SCHENECTADY — Doubtful that there is anyone, even the creative team of "The Bodyguard: The Musical," who would passionately argue that the show onstage at Proctors through Sunday night should be labeled a serious entry into the canon of essential American musicals.
It doesn’t even come close.
I shudder when I pick up a playbill and the title of a show has “: The Musical” tacked on. (The addition of an exclamation point only intensifies the anxiety.) This two word suffix screams to me that I am likely to witness a lifeless retread of a popular movie or television show.
There are, of course, exceptions to this, but sadly not too many. For every brilliant “: The Musical!” show, "The Lion King" for example, there are a plethora of shows such as "Dirty Dancing: The Musical!," "Fame: The Musical" and "Ghost: The Musical that reinforce the dread.
Why do these lame stage versions keep appearing? Well, cash for one. These shows rake in big bucks with their lure of nostalgia. Producers count on the simple fact that the name of something that we loved from our past will be the sole dangling carrot needed to get us into the theater. Perhaps these shows should instead be branded with the suffix “: A Comfort Food Musical” because that is what they promise.
But how often does that promised revisit to the past actually satisfy? It’s nearly impossible to live up to a memory. Think about that moment when in a recent fit of nostalgia you grabbed a can of Beef-A-Roni off the supermarket shelf and dropped it into your cart giddy with anticipation to taste the bliss from your past. But as you watched it plop and ooze into your favorite cereal bowl, there is instant regret. “What was I thinking? Why did I buy this?” Some of us are done with “The Chef,” but for others is still a meal fit for a king – and I sort of envy that. Count me in with the former.
But I am not judging. Just because on the way to the microwave my bowl took a detour to the trash can doesn’t mean that others shouldn’t walk it back and punch the 90 seconds to nostalgia nirvana on the keypad. You may need some Tums later, but go ahead. My point is: "The Bodyguard: The Musical" is nostalgia, but it is not for everyone.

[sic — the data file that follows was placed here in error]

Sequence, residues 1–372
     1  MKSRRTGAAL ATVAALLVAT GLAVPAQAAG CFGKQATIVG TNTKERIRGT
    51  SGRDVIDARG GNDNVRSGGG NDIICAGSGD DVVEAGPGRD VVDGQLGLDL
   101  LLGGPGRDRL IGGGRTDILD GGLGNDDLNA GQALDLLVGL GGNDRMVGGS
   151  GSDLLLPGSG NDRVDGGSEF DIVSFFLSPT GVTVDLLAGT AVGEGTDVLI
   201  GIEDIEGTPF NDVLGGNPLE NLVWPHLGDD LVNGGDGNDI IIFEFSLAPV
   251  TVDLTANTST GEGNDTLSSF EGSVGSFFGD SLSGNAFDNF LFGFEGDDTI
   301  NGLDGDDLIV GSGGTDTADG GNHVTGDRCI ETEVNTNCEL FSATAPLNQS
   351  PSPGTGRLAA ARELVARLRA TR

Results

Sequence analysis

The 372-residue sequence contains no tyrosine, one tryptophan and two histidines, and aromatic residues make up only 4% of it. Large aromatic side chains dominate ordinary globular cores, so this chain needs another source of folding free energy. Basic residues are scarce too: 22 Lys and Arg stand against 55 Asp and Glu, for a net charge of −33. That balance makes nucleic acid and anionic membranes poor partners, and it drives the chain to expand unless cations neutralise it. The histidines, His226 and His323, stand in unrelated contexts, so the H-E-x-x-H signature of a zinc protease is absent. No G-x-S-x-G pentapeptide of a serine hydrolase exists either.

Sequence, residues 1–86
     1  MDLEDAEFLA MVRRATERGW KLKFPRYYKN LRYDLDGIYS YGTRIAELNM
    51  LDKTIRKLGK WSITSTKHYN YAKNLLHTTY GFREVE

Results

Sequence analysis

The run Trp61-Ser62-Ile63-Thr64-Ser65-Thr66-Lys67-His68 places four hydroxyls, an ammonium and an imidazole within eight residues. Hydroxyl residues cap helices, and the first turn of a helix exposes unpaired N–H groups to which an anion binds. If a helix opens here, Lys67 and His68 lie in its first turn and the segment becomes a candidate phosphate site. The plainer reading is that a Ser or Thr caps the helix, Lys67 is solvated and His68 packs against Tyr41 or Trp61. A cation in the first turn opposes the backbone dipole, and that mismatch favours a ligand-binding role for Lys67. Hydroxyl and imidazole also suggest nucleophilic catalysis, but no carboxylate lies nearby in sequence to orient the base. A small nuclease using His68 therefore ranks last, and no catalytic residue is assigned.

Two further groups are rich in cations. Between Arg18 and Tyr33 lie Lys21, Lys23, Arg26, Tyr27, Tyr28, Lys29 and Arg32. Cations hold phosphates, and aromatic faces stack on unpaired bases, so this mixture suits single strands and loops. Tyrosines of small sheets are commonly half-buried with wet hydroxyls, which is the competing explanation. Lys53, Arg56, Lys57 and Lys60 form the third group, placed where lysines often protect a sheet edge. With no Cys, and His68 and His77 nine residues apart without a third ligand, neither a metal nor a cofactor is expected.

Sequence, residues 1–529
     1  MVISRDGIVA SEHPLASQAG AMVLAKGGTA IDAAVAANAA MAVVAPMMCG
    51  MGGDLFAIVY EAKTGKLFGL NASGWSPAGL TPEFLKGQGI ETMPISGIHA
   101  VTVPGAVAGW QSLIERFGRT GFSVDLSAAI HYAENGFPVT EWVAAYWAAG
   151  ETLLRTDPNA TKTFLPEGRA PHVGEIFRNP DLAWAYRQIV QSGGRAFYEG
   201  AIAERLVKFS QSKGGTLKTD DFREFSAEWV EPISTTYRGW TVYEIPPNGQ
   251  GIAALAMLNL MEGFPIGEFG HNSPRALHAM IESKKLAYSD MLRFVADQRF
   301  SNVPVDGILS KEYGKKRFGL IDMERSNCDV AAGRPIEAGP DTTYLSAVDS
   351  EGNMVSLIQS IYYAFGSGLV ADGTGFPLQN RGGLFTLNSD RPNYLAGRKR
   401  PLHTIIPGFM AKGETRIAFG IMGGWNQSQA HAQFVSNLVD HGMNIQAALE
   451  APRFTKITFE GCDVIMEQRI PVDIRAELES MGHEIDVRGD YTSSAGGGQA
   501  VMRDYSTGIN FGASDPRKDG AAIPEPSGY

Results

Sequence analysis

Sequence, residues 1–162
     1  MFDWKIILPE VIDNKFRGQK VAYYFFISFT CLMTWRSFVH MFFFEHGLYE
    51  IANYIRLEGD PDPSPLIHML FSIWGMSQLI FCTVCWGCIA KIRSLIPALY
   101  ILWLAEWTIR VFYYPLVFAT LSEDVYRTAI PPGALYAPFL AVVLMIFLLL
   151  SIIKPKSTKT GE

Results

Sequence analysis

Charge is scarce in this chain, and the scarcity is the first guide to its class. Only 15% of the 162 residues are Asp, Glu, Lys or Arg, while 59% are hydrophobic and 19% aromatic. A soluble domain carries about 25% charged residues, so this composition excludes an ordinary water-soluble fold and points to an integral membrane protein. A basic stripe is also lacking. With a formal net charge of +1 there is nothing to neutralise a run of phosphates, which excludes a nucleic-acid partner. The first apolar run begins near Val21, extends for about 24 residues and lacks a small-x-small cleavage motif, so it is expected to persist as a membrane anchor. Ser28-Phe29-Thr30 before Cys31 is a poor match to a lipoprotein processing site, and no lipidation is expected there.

Like that pasta in a can, the label has changed slightly, but the plot to the "Bodyguard" musical is similar enough to what we remember. The story is still: “Diva gets stalked. Management hires a stoic, buff bodyguard who diva decides to loathe. Sparks fly, power ballads soar. Diva decides that he’s not so bad and they both end up in bed together. The diva is now happy, but her stalker returns (cue scary organ chord. This happens several times in the musical.) Murder attempted but diva is saved. Bodyguard’s work is done, so he must leave. Diva, now sad, performs Dolly Parton song (brilliantly.) Curtain call, dance break and another curtain call.
Sadly, there is little to recommend in this theatrical tinned meal save for some of the talented cast and a few musical numbers. Deborah Cox, as the diva Rachel Marron, vocally impresses as she powers through the Whitney Houston songbook. “One Moment in Time,” “All at Once” and “How Will I Know” are commandingly presented and the show’s closing “I Will Always Love You” does not disappoint.
Character development? An actress would need a script for that, and that is missing here, so we’ll just say, it’s hard to be diva. Cox’s duet with Naomi C. Walley (as Rachel’s sister, Nikki) stands out as the vocal high point of the evening. Imbued with some genuine emotion and dramatic tension, the number is exceptional … as Walley nearly steals the song away from Cox.
The show is slickly presented, features some spectacular dancers, a great band (under the taut direction of Matthew Smedal), and has some great lighting. But it is just dull. Thankfully the evening does contain some humor, but almost all of it is unintentional and I am quite sure that was not the intent of director Thea Sharrock.
I am not sure if there will ever be a revival of "The Bodyguard: The Musical," which will be produced outside of Las Vegas. So if the soulful soundtrack of the late Houston is what you crave, go grab a ticket to this musical’s one moment in time at Proctors before the week ends. If not, a shuffle of Whitney’s Greatest Hits on your MP3 player should be just fine.
WHERE: Proctors, 432 State. St., Schenectady
WHEN: Through Sunday
HOW MUCH: $95-$20
MORE INFO: 518-346-6204, www.proctors.org